Michael Bellina in Entrepreneurs, Online Marketing, Web Designers Managing Partner/Web Designer • Migman Media, LLC Oct 18, 2016 · 2 min read · +400

Don't Blame the Platform Blame the Process

Don't Blame the Platform Blame the Process

My last article got a bunch of comments about people agreeing with me that Wordpress sucks. I thought that was awesome that they took the time to comment except for the fact I wasn't trashing Wordpress. My point was that relying on pre-made templates for website development is hurting your user’s experience. Again I want to emphasize that I am not discrediting the designers of these templates, I am mostly critical of the people and businesses who implement these templates without any for thought.

My criticism lies not in the aesthetic of these designs but rather in how many try to fit their content into these templates and making the assumption that it will work for your website. In my experience, they don’t. As a result, you spend additional time and money trying to customize these templates to make them work. In the end, you spend as much time fixing a premade template as you would have creating it.

All of these web design platforms (Wix, Weebly, Squarespace, Drupal, Wordpress, etc.) are just a means to an end. They shouldn’t dictate how the design should look. That is YOUR job to dictate it. I know that pre-made templates make the design process quick but I counter that you can either have it quick or you can have it good. In 99.9% of the time, you can’t have both.

No design is perfect not even the ones that you plan out. It is hard to predict human behavior. In many cases you may not know your customer as well as you thought. Actually, let me rephrase that. You may not know your website visitor as well as you thought.

Regardless of platform, you need to start with your goal in mind. In most cases, website redesigns start with how the final template will look as opposed to building it from the inside out. What does building it from the inside out mean? It means starting with the bottom of your marketing funnel and working your way to the top. Let me give you an example.

Let’s say you sell pink bikes and you sell more than one style of pink bike. The goal for the site is to sell pink bikes. Easy so far. However, there are also checkout pages, product pages and category pages that all need to be planned out. What do you want visitors to see when they get to those page? Is there an opportunity to upsell them with accessories such as helmets, baskets or bells for the bike? How will these items appear on the page? A poor or confusing design will stop the visitor from continuing.

Planning and testing these pages before the final design is made will lead to better decisions on what elements are important and where they go on the page. The design should be the last thing to consider.

Over the last few paragraphs notice I didn't mention anything about the platform the site is being built on. That is my point. All the design decisions are independent of the platform being used. You can have great or poor conversion rates in spite of the platform the site is built on. What I am trying to stress is that you need to plan your website out. By taking the time to think through the process avoids costly delays, redesigns and lost revenue.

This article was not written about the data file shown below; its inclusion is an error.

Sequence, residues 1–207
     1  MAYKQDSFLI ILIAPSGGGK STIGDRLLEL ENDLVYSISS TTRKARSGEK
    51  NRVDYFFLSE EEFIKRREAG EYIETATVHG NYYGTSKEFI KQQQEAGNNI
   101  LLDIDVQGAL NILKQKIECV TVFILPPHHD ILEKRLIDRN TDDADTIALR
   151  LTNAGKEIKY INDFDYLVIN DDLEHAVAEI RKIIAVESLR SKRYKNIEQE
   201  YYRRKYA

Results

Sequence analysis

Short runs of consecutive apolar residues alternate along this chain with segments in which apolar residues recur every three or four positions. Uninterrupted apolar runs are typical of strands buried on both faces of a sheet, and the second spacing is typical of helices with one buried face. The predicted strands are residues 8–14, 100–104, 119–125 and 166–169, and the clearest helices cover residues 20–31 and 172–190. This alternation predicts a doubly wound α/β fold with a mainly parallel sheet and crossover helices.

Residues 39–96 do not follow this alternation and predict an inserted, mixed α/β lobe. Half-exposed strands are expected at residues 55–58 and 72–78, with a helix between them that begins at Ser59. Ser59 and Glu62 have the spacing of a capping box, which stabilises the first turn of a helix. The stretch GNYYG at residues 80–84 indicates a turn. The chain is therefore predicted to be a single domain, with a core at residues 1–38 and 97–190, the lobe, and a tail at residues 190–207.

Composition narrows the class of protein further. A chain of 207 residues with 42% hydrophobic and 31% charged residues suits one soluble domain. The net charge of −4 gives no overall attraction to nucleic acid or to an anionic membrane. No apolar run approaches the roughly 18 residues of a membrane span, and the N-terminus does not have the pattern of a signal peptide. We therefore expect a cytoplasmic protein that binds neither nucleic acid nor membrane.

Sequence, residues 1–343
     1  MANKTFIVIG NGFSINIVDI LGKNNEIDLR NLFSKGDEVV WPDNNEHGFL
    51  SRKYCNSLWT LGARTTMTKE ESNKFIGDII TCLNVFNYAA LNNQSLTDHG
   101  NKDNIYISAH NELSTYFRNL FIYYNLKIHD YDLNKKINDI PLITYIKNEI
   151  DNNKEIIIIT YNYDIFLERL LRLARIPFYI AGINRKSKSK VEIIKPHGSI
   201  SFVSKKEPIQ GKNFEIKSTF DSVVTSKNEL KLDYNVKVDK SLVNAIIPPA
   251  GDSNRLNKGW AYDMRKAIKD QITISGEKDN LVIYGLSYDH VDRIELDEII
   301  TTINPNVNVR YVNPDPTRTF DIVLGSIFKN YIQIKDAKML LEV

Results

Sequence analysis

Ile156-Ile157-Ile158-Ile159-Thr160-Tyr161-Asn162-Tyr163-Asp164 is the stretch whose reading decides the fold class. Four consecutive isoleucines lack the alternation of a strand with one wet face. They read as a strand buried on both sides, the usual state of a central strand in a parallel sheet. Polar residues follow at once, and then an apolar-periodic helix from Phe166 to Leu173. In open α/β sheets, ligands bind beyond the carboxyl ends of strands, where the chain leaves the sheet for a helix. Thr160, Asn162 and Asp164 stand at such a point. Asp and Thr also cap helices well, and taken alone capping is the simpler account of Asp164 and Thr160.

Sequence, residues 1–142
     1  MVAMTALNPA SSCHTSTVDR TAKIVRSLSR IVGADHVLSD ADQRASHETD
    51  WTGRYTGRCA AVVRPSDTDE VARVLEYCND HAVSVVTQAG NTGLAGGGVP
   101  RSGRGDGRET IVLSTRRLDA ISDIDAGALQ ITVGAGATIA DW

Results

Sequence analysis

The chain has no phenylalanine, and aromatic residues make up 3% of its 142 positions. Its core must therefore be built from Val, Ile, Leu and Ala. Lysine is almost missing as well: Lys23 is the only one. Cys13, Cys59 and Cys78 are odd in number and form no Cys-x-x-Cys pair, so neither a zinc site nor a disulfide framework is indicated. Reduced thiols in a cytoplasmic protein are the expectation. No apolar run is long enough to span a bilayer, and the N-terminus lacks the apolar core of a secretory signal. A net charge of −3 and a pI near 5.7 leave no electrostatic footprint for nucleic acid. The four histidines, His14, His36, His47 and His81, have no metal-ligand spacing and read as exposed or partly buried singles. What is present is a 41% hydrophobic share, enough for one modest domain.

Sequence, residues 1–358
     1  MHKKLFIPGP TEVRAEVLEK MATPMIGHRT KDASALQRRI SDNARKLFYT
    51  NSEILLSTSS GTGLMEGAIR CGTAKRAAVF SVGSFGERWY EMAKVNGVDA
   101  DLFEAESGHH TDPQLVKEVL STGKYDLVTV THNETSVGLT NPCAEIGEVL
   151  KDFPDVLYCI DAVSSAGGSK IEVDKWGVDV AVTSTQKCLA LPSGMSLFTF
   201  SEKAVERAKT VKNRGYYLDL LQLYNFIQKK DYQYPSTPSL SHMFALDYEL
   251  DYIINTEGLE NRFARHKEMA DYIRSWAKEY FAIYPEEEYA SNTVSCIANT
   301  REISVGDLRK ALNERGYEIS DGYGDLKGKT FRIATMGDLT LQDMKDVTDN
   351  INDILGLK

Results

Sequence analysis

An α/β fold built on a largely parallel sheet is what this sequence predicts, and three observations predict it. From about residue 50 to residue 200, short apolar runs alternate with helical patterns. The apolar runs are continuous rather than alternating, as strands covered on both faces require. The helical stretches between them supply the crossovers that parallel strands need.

Whether you decide to use Wordpress or any other platform, doesn’t really matter. What does matter is not just taking a template and building a website around it. Yes, it looks like a really beautiful design, but is it useful for your business? Is it going to increase your conversions? If “I don’t know” is the answer to those questions then it might be time to take a step back and take a closer look at what you want from your website and what is the path to get there.

This article was originally published at www.migmanmedia.com.

Randy Keho 20/10/2016 · #5

#4 From an economical standpoint it certainly makes sense, but, I think you'll agree that it sucks. The cookie-cutter templates do allow for many more bloggers, content marketers, and network users to communicate at will than would otherwise be possible. And, with the majority of them focused on the number of "likes," "relevants," "comments." and whatnot, quality will continue to be sacrificed for quantity.
Thanks for the response.

+1 +1
Michael Bellina 20/10/2016 · #4

#1 Thanks for the comment!

+1 +1
Michael Bellina 20/10/2016 · #3

#2 Unlike print, which I had done for years, the rendering of pages differs from browser to browser and operating system to operating system. Add in mobile and now you could have to test on around 30 different platforms. Many designers default to a lowest common denominator to speed up design and lower development costs.

Very few companies invest in user centric design which involves people, time and money. The "pick a template" mentality that website design has become has made user experience awful. It's no wonder many feel that web design has stagnated or regressed.

+1 +1
Randy Keho 18/10/2016 · #2

Having employed QuarkXpress for designing freestyle, as well as template-based pages for a daily newspaper, I've been extremely disappointed with the apparent limitations regarding the design of websites and blogs. But, what's really shocking, is that I haven't used QuarkXPress for more than 20 years. I would have expected a much better user experience by now. What am I missing?

Michele Williams 18/10/2016 · #1

Website design, flow through and user experience is something every startup must consider carefully. Thanks for the clarification about how this process should unfold.